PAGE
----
The northern border of Mexico is a space of reception and containment for migrant families and individuals, who find themselves in conditions of great precariousness and practically null resources. Few migrants have material resources or social connections in Tijuana. The Casa del Migrante offers support to those waiting to cross the border. This wait can be prolonged indefinitely due to asylum and border control policies, a reality exacerbated by COVID-19 and related policies.
The Jesuit Refugee Service (JRS) is an international Catholic organization with a mission to accompany, serve, and advocate on behalf of refugees and other forcibly displaced persons, that they may heal, learn, and determine their own future. In this episode of CMSOnAir, Joan Rosenhauer, the Executive Director of JRS-USA, shares how JRS is adapting its advocacy for a new administration and transforming its programs in response to the COVID-19 pandemic. She also shares stories about the “proactive, resilient, hopeful” refugees she has met through her work with JRS.
In this interview, Donald Kerwin, executive director of the Center for Migration Studies, provides an update on the conditions facing refugees and forcibly displaced persons throughout the world. He also shares findings from the recent CMS and Refugee Council USA report on refugee resettlement and he reflects on the connection between refugees, the Christmas story, and Catholic Social Teaching.
The Center for Migration Studies (CMS) conducted an extensive literature review and compiled the following resources and recent research on Catholic and faith-based work with immigrant communities. These resources cover the work of a wide array of institutions, including parishes, elementary schools, colleges and universities, charities, health issues, and congregations. This compilation also presents recent literature on the impact of immigrants on Catholic faith communities, advocacy by Catholic institutions, ethical issues, resources on working with immigrants, and other issues.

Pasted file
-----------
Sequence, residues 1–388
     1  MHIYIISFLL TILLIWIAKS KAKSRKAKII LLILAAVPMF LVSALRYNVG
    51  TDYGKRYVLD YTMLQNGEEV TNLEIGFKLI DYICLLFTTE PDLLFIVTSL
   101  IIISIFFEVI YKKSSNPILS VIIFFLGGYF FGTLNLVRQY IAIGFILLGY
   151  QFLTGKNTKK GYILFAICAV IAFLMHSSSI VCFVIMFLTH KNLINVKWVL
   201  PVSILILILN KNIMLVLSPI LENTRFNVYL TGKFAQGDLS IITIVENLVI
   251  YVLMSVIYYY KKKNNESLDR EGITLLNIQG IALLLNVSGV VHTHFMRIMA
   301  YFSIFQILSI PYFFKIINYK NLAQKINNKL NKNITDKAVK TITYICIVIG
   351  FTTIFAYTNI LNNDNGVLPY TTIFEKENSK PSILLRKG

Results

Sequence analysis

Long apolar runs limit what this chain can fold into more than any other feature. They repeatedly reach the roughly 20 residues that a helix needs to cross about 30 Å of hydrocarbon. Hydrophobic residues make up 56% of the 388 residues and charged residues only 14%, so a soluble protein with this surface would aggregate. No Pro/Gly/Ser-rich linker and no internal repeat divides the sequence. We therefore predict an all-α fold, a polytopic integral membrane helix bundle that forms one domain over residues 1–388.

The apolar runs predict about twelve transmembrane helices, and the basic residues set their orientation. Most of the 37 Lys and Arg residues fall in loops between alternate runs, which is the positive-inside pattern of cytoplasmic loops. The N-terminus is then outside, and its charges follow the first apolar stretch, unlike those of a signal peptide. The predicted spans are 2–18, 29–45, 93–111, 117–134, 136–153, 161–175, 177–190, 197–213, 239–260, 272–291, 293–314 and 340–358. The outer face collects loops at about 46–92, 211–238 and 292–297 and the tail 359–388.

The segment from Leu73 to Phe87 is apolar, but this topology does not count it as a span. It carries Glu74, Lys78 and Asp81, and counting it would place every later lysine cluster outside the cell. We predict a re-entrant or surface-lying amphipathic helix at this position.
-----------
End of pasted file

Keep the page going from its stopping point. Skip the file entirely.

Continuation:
Dominican University, a private Catholic university located in River Forest, Illinois, has been operating since 1901 with an eye toward educating poor and marginalized students, including immigrant students, in the Midwest. Founded by the Sinsinawa Dominican Sisters in Wisconsin and later moved to Illinois, the school has an enrollment of about 3,000 students—a small college—but its influence reaches far beyond its campus 10 miles west of downtown Chicago.
Dominican University is unique among Catholic colleges for its commitment to immigrants. About 10 percent of the students at Dominican University are undocumented or have temporary legal status, including Deferred Action for Childhood Arrivals (DACA) recipients. This episode features an interview with Donna Carroll, president of Dominican University. She reflects on the challenges facing undocumented college students, including: lack of federal financial aid funding, the difficulty of career planning, and integrating into campus life. She also talks about the leadership of undocumented and “DACAmented” students and why the university adopted a Sanctuary Campus Covenant in 2017. Carroll describes the university’s efforts to support immigrant students during the “triple pandemics” of COVID-19, racism, and economic injustice — all of which have been exacerbated by restrictionist immigration policies.
Guadalupan Multicultural Services of the Diocese of Birmingham, Alabama, otherwise known as “La Casita,” has provided a range of services to immigrants in northern Alabama for years.
Partnership Schools, a network of nine elementary and middle schools in urban areas of New York and Cleveland, is trying to stem the tide of Catholic school closings. Their network is taking a unique approach to funding, relying heavily on philanthropic support and keeping costs down, while maintaining high-quality education.
Conference Adjournment & Moderated Discussion With Conference Participants: Ideas for Strengthening the Catholic Church’s Work With Immigrants and Closing Reflections
Session V: Reflections on the Role of Catholic Colleges and Universities On Immigrant Integration and the Challenges They Face in their Service to Immigrants